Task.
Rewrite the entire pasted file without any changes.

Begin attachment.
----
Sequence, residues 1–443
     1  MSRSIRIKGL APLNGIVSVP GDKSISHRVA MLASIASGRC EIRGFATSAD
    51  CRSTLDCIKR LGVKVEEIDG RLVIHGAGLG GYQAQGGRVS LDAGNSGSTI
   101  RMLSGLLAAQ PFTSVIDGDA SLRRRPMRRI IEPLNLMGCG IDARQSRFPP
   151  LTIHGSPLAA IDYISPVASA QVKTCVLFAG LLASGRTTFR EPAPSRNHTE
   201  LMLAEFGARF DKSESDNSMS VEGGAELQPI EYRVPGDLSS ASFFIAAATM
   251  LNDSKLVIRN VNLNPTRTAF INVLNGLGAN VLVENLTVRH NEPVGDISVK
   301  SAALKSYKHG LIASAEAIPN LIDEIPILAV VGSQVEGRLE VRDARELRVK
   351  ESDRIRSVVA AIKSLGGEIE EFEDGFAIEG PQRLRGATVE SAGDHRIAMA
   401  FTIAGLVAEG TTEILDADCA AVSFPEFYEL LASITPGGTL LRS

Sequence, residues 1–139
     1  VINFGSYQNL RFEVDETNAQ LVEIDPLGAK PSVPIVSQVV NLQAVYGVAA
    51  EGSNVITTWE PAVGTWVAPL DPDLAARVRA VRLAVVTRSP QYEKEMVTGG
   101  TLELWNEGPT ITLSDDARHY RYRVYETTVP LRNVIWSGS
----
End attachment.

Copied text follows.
Sequence, residues 1–443
     1  MSRSIRIKGL APLNGIVSVP GDKSISHRVA MLASIASGRC EIRGFATSAD
    51  CRSTLDCIKR LGVKVEEIDG RLVIHGAGLG GYQAQGGRVS LDAGNSGSTI
   101  RMLSGLLAAQ PFTSVIDGDA SLRRRPMRRI IEPLNLMGCG IDARQSRFPP
   151  LTIHGSPLAA IDYISPVASA QVKTCVLFAG LLASGRTTFR EPAPSRNHTE
   201  LMLAEFGARF DKSESDNSMS VEGGAELQPI EYRVPGDLSS ASFFIAAATM
   251  LNDSKLVIRN VNLNPTRTAF INVLNGLGAN VLVENLTVRH NEPVGDISVK
   301  SAALKSYKHG LIASAEAIPN LIDEIPILAV VGSQVEGRLE VRDARELRVK
   351  ESDRIRSVVA AIKSLGGEIE EFEDGFAIEG PQRLRGATVE SAGDHRIAMA
   401  FTIAGLVAEG TTEILDADCA AVSFPEFYEL LASITPGGTL LRS

Sequence, residues 1–139
     1  VINFGSYQNL RFEVDETNAQ LVEIDPLGAK PSVPIVSQVV NLQAVYGVAA
    51  EGSNVITTWE PAVGTWVAPL DPDLAARVRA VRLAVVTRSP QYEKEMVTGG
   101  TLELWNEGPT ITLSDDARHY RYRVYETTVP LRNVIWSGS